Album Review: Thirteen Goats – Servants of the Outer Dark

Album Review: Thirteen Ghosts – Servants of the Outer Dark
Reviewed by Neil Bolton

It’s a blast of slightly technical death metal that slaps the listener in the face after the opening acoustic guitar intro on Thirteen Goats’ debut album. This Vancouver outfit set about the album with precision, aggression, controlled chaos, and menace. The menace is provided by Graham K. Miles’s death metal growl; the aggression comes from the bass and guitar; the controlled chaos can be attributed to the razor sharp drums. The menacing vocals then become clean and surprisingly rather commercial, adding another dimension to this band. The clean vocal style is still metal, its just unexpected, which is always a good thing on a debut album. This particular track 'Servant Of The Outer Dark' is an homage to the horror author Steven King and contains spoken word and breakdown sections that keep the listener interested and keen.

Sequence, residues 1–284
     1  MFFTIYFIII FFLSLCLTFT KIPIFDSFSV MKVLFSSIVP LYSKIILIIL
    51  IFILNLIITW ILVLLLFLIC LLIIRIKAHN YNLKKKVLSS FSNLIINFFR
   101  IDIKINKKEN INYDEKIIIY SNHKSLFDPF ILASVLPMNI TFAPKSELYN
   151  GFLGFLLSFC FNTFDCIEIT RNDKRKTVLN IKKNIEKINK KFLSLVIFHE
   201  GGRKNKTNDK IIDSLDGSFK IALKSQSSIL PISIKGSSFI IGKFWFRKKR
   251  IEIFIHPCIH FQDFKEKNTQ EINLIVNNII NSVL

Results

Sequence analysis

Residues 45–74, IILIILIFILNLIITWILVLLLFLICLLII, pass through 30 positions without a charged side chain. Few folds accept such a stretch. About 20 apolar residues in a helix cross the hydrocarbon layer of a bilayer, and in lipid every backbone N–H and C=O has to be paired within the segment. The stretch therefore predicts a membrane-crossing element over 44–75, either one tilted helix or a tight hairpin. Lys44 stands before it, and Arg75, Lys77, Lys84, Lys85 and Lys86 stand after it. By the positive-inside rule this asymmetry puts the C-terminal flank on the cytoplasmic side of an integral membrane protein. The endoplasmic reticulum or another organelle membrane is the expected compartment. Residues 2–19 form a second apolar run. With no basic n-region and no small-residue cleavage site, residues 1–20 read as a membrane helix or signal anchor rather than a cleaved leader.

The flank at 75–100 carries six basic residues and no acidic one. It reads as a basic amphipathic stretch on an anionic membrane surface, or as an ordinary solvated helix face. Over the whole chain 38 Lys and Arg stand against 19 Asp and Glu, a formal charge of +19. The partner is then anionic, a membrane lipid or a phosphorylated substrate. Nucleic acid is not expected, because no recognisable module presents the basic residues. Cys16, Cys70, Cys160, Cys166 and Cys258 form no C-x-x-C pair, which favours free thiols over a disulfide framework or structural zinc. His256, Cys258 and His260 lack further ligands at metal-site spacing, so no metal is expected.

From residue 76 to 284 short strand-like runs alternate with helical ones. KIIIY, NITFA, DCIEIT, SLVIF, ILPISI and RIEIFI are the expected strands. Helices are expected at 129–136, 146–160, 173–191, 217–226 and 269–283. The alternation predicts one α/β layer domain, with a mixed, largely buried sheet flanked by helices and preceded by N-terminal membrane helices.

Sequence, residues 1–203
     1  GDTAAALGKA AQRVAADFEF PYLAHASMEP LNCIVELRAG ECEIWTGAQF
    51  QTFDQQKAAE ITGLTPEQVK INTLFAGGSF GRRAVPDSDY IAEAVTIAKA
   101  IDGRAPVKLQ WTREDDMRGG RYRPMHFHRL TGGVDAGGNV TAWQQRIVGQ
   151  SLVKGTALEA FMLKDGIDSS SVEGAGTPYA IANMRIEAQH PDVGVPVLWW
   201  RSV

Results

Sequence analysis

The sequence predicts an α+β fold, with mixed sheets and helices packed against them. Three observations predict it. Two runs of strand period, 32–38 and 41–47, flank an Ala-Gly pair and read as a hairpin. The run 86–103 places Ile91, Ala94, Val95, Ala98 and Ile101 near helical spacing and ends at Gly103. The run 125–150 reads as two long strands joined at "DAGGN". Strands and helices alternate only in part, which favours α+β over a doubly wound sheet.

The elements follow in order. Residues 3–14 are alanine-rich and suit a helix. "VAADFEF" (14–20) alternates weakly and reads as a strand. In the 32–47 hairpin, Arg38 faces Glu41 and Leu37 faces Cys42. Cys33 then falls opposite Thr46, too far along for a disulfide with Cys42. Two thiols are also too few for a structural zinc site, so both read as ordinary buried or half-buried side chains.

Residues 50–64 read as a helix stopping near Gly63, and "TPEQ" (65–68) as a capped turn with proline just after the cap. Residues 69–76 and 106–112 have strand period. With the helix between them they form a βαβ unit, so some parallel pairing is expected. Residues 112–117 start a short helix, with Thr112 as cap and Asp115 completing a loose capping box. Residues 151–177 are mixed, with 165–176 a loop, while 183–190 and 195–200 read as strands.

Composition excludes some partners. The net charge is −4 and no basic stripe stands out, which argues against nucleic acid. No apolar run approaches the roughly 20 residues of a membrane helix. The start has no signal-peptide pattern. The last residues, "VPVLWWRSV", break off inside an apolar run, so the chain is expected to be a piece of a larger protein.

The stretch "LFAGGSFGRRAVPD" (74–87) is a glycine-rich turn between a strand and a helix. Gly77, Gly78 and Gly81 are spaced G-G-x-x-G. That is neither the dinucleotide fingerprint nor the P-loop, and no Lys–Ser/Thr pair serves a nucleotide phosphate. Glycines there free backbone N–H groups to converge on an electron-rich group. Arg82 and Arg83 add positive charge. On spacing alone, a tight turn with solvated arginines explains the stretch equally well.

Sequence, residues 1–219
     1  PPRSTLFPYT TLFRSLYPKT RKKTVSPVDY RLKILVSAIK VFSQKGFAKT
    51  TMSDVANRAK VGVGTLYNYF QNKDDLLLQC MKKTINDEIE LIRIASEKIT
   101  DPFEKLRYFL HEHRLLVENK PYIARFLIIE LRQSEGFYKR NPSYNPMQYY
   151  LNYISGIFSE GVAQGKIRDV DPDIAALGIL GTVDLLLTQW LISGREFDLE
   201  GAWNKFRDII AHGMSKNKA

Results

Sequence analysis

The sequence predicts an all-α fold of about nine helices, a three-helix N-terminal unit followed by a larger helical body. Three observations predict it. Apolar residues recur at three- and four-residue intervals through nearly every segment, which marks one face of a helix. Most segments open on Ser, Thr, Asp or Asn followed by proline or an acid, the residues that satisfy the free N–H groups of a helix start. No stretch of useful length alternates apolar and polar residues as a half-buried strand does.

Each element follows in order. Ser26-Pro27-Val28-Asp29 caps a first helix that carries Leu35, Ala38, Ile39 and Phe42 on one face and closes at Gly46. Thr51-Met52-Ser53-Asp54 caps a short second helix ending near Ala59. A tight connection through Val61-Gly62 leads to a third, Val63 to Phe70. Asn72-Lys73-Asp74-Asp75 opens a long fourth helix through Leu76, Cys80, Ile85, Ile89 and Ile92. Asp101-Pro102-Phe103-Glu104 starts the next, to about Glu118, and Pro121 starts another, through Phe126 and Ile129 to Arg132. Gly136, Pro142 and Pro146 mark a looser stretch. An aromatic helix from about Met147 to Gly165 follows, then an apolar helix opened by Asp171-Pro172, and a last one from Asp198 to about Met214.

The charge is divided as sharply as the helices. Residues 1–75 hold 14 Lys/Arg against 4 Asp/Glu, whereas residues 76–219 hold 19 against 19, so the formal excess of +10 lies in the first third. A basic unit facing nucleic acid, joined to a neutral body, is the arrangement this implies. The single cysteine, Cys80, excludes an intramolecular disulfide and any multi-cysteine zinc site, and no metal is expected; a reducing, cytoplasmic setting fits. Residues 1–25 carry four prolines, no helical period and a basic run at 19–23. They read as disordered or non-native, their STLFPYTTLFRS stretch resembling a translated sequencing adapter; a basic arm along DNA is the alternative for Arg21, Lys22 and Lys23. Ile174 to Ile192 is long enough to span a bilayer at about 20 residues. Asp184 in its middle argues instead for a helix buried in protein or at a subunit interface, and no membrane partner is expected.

The second track builds on the intensity of the first and bubbles with guttural demonic vocals the album cover deserves. The riff is fast, and impressive seen as singer and guitar player had a motorcycle accident during the recording process, meaning he had to perform with a broken finger and sprained wrists. Now that is dedication and very Rock N Roll!

Album Review: Thirteen Ghosts – Servants of the Outer Dark

The un named drummer on this recording is having the time of their life and I hope Mr Miles, Rob Fitzgerald, and Mike Redston can supply a drummer of the same talent on their live performances or something would be missing.

With lyrical subjects of death, prisoner camps and exploding heads the band’s Ukrainian heritage seems a little more poignant in this current climate. Thirteen Goats seem to be able to shift between thrash, death, grind and heavy metal with ease and accuracy, sometimes all in the one track. There is even an intriguing nod to the band’s musical influence at the end of the final track, a subtle and deep way of thanking for the influence.

The demonic goat skull mask worn by the entity 'The Shepard" on the album cover screams black metal. There is contained in here more than meets the eye.

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